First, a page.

Two of the world’s biggest iron ore producers and Australia’s biggest steelmaker are joining forces to slash the carbon footprint of steel with a new type of furnace.
BHP, Rio Tinto and BlueScope pledged on Friday to work together on the country’s first iron-making electric smelting furnace (ESF) pilot plant.
The agreement, announced at the Port Kembla steelworks in NSW, will draw on the mining giants’ iron ore from Western Australia’s Pilbara region and BlueScope’s technical experience in manufacturing.
The project aims to demonstrate that the production of molten iron from Pilbara ores is possible when using renewable energy combined with direct reduced iron (DRI) process technology.
The move has the potential for wider adaptation across the global steel industry, which is one of the biggest sources of greenhouse gas emissions.
Rio Tinto iron ore chief executive Simon Trott said better ways must be found to enable the vital material for construction and engineering to be made more sustainably.
“The carbon intensity of iron and steelmaking requires profound change to meet the needs of our planet and our climate objectives,” he said
The collaboration follows more than two years of work by Rio and BlueScope on the “electric melter” technology.
The partners will assess several locations in Australia for the proposed pilot plant that will need supporting infrastructure, a ready workforce, and access to industry and supply chain partners.
BHP’s incoming WA iron ore president Tim Day said it was a “potential breakthrough” in reducing carbon emissions from steel production.
“Combining our expertise, we hope to help fast track near-zero emission-intensity pathways for steelmakers using Pilbara ores,” he said.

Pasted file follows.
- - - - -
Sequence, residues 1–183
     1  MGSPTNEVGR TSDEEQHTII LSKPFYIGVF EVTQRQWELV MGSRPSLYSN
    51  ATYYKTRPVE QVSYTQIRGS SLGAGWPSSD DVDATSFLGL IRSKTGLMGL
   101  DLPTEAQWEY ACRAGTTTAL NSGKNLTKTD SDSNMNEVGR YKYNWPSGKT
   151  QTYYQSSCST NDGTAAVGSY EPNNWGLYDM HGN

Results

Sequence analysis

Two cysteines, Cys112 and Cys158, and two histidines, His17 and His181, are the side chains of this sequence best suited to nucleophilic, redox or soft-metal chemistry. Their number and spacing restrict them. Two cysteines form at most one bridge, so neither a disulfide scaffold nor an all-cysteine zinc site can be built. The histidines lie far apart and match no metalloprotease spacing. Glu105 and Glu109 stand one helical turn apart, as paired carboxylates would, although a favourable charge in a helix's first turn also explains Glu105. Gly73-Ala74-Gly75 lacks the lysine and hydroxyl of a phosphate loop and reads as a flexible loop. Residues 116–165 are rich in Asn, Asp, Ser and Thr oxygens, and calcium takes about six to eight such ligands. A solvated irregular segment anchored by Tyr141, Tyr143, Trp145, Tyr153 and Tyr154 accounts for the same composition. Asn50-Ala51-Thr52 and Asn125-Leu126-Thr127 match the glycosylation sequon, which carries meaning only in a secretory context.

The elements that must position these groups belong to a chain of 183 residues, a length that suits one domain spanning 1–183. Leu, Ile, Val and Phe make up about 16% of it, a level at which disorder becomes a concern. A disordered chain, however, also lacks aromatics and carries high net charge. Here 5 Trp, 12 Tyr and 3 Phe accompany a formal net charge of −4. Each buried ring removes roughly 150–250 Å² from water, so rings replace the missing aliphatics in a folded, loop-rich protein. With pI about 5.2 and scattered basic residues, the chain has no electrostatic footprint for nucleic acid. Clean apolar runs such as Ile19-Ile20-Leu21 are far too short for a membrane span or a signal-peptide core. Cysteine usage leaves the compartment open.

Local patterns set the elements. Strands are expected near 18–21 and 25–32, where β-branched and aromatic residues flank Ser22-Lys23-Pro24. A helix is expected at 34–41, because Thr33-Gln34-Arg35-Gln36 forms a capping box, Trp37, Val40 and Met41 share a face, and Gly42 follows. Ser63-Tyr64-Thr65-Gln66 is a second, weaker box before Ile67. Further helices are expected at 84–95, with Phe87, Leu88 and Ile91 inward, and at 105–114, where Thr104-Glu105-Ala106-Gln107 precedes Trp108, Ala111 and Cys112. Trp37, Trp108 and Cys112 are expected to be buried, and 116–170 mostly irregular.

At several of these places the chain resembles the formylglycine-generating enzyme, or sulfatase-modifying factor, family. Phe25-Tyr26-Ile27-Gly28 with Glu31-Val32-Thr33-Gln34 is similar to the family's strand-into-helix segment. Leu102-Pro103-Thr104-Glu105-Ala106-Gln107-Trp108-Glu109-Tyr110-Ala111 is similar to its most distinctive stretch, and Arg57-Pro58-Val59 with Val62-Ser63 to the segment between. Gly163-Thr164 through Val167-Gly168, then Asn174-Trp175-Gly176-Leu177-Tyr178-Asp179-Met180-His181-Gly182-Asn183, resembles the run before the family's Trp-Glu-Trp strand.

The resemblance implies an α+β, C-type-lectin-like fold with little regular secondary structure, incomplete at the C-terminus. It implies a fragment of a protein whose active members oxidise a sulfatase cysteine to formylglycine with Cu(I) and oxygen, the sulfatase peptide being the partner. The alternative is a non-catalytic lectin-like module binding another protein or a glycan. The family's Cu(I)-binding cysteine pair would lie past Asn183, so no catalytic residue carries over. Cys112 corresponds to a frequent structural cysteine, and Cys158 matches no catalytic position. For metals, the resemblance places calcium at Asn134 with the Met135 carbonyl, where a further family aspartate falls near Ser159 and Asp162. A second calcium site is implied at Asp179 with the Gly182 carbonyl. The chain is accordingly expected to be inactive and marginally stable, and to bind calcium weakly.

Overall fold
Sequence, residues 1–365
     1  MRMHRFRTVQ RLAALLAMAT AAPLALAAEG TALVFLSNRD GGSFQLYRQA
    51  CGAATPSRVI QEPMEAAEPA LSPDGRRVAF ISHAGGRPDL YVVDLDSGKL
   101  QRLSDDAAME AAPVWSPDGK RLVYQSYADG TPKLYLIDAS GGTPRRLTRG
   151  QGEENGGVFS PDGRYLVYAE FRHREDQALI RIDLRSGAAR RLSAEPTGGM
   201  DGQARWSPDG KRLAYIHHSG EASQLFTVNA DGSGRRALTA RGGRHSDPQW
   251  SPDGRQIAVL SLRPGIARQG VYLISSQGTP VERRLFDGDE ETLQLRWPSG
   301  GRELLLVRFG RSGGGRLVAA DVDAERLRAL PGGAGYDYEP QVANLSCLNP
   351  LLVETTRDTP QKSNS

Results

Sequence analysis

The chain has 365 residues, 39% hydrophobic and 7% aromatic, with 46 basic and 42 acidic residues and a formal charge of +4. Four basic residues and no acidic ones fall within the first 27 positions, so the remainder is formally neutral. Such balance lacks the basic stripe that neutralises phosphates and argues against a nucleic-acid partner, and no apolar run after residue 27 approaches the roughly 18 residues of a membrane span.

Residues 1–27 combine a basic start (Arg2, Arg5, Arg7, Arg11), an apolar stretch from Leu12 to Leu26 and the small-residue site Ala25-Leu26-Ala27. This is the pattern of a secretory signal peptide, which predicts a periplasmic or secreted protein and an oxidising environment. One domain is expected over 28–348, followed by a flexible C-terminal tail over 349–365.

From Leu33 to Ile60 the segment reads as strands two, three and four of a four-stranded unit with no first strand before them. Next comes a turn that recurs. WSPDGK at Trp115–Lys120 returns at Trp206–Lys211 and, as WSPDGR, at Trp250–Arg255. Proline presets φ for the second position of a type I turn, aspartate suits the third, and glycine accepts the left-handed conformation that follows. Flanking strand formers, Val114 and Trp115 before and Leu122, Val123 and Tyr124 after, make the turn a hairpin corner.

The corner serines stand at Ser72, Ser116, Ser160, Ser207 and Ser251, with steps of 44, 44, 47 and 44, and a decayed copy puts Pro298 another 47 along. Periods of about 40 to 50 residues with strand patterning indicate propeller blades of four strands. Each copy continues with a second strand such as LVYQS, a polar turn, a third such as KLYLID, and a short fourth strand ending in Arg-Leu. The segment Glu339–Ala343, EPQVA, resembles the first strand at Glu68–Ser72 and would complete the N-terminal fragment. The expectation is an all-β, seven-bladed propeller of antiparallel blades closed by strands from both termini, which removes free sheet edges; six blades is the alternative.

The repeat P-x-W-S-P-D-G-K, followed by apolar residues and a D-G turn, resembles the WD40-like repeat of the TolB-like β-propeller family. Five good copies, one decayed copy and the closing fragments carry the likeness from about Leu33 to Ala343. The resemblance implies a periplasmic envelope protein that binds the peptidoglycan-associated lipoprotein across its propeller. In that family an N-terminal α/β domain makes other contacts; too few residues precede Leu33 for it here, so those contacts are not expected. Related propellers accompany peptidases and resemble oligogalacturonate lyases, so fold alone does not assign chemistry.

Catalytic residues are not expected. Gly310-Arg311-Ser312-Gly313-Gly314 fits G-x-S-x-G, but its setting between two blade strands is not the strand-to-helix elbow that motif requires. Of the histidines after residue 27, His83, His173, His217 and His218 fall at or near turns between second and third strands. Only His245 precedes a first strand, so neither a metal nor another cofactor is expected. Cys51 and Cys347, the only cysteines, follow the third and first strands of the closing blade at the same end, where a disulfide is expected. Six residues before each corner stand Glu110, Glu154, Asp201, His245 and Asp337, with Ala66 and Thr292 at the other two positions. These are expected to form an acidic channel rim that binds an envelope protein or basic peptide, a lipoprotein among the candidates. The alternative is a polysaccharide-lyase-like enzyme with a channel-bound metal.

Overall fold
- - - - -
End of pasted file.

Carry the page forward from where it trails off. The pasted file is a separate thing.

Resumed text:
“Technology pathways compatible with renewable energy and scalable to the order of hundreds of millions of tonnes of steel production would be a major step forward in setting up Pilbara ores, and the world, for a low greenhouse gas emission future.”
A pre-feasibility study is expected to be completed at year-end and, if approved, the pilot plant could be commissioned as early as 2027.
The tie-up will be “key to cracking the code for Pilbara ores in low emission-intensity iron-making”, according to BlueScope’s chief executive for Australia Tania Archibald.
“We believe DRI is the most prospective technology to decarbonise our Australian business, and the development of ESF technology is key to unlocking Australia’s unique advantages,” she said.
Together, the DRI-ESF equipment can replace the blast furnace, eliminating the need for metallurgical coal and potentially resulting in 80 per cent fewer emissions than conventional blast furnace steel.
Other options such as electric arc furnaces require high grade iron ores or scrap steel.
The proposed plant allows for greater flexibility in input raw materials, addressing one of the key barriers to wider adoption of low carbon emissions technology, according to the partners.